Honeycomb hexayurt

The first time I went to Burning Man, my experience was made much more comfortable by fellow campers who had prepared temporary shelters and offered me a spare. Insulation from cold, reflection of sun, firm walls, and being able to stand up removed many of the common irritations of camping. When our group began planning for this year’s trip to the Burn, I wanted to give them the same level of comfort. I set out to design a structure that would provide all of those benefits and some privacy, while minimising the amount of construction materials we’d have to buy and transport.

The design I arrived at is based on the 6′ hexayurt, one of the many designs by Vinay Gupta. In order to reduce the amount of building materials required, I arranged them in a honeycomb layout. This saved us 4 sheets of 4’x8′ insulating foam and about a roll of filament tape. It could easily be expanded to incorporate more hexayurts, seemingly indefinitely (though it does make sealing much more difficult). Here’s the recipe.

hexayurt-design-revPreparation materials:

  • 18 | 4’x8′ sheets of 1″ thick polyisocyanurate insulating foamboard, such as Rmax
  • 4 | 50 yard roles of multipurpose foil tape at least 1.75″ thick, such as Nashua
  • 1 | utility knife with at least 6 blades
  • 1 | 4′ T-square
  • Something long and flat to kneel on and distribute weight

We prepared the materials (cutting structural parts, cutting out doors, covering the raw edges in foil) before Burning Man. We followed the schematic in the image above to make A and B parts. I won’t get into the play-by-play, but we learned 3 useful things:

  • A 4′ metal T-square significantly speeds up the cutting process
  • Marking the matching doors and door frames saves time later
  • All of the finished parts will actually fit into a Dodge Grand Caravan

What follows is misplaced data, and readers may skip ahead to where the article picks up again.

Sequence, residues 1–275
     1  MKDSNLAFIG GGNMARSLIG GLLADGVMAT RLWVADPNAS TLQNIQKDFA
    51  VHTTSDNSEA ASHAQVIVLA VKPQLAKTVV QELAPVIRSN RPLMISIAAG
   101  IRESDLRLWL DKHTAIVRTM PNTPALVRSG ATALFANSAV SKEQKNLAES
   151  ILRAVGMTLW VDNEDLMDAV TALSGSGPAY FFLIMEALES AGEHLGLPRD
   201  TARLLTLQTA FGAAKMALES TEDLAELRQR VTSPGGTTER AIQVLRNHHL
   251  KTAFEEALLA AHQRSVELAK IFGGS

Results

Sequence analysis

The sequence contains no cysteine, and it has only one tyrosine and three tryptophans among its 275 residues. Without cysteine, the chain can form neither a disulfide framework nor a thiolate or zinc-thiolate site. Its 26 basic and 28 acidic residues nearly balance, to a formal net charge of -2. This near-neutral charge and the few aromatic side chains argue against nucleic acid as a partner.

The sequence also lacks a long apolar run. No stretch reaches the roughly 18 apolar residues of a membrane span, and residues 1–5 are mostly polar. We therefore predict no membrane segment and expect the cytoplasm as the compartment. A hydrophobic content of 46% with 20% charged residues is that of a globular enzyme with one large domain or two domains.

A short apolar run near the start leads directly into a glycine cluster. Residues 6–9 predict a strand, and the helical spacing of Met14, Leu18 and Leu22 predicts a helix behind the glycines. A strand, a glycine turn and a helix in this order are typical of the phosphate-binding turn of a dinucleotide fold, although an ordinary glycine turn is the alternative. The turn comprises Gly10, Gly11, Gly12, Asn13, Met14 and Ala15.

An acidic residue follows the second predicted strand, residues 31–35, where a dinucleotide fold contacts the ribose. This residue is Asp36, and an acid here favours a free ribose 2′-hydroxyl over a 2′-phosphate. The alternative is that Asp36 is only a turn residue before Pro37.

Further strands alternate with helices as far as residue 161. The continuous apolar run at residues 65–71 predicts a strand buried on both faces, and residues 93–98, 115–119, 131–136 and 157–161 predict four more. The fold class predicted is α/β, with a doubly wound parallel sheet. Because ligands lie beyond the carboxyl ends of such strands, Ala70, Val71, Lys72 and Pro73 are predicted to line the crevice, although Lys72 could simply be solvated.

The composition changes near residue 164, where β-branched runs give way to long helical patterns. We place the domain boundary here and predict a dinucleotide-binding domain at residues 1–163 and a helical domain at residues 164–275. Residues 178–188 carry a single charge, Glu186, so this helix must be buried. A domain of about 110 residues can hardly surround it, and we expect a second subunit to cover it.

When we arrived on the playa, we pulled out the rest of the materials and set to work.

Assembly materials:

  • 3 | 60 yard roles of 3′ bi-directional filament tape, such as this
  • 8 | rebar stakes, like these
  • 8 |tennis balls (with slot cut to fit over rebar stakes)
  • 4 | waterproof tarps, at least 7’x8′ each to place inside the shelters (also great for carrying the materials)
  • 150 feet of nylon cord, for example 3 of these

shelter3Most of the time and frustration-saving tips became relevant during assembly. I cannot stress enough how valuable it was to first use small pieces of tape to hold the structure together before using long, continuous pieces of tape to seal the structure. This way we could modify the spacing and readjust if the pieces didn’t line up quite right on the first try. Also, if you happen to have a friend that is 6’7″, bring them. We assembled the parts in this order:

  • Assembled all 4 roofs, made of 6 triangles each
  • Put together 2 sets of walls, made of 5 squares and 1 door frame each (shown in blue and marked 1 on the diagram)
  • Arranged the 2 sets of ‘blue’ walls 4′ apart (with door frames facing away from each other) and added the spacer wall (shown in red and marked 2 on the diagram)
  • Assembled 2 sets of walls, made of 2 squares and 1 door frame each (shown in green and marked 3 on the diagram)
  • Attached the last 2 sets of ‘green’ walls to the structure
  • Attached the 4 roofs on top
  • Sealed the completed structure with filament tape (the longest, continuous pieces of tape manageable)
  • Made 4 sets of tape hinges for the doors
  • Tied 4 loops of nylon cord together to make a crown, which we then attached to rebar stakes in the ground

And here’s the result, our very own honeycomb hexayurt village:



The list of potential failure points makes me cringe even now:

  • Designing the shelter accurately
  • Estimating material quantities correctly and availability of material stock
  • Coordinating timely material delivery
  • Preparing the materials accurately and without wastage
  • Fitting the prepared materials into the Caravan and RV (our methods of transport)
  • Ensuring the materials were dropped off at our camp
  • Assembling for the first time in the dark (with no prior experience)

Anyone considering replicating this design might want to do a better job of reducing the possible points of failure. Nonetheless, during one of the hottest Burns on record, we stayed surprisingly cool!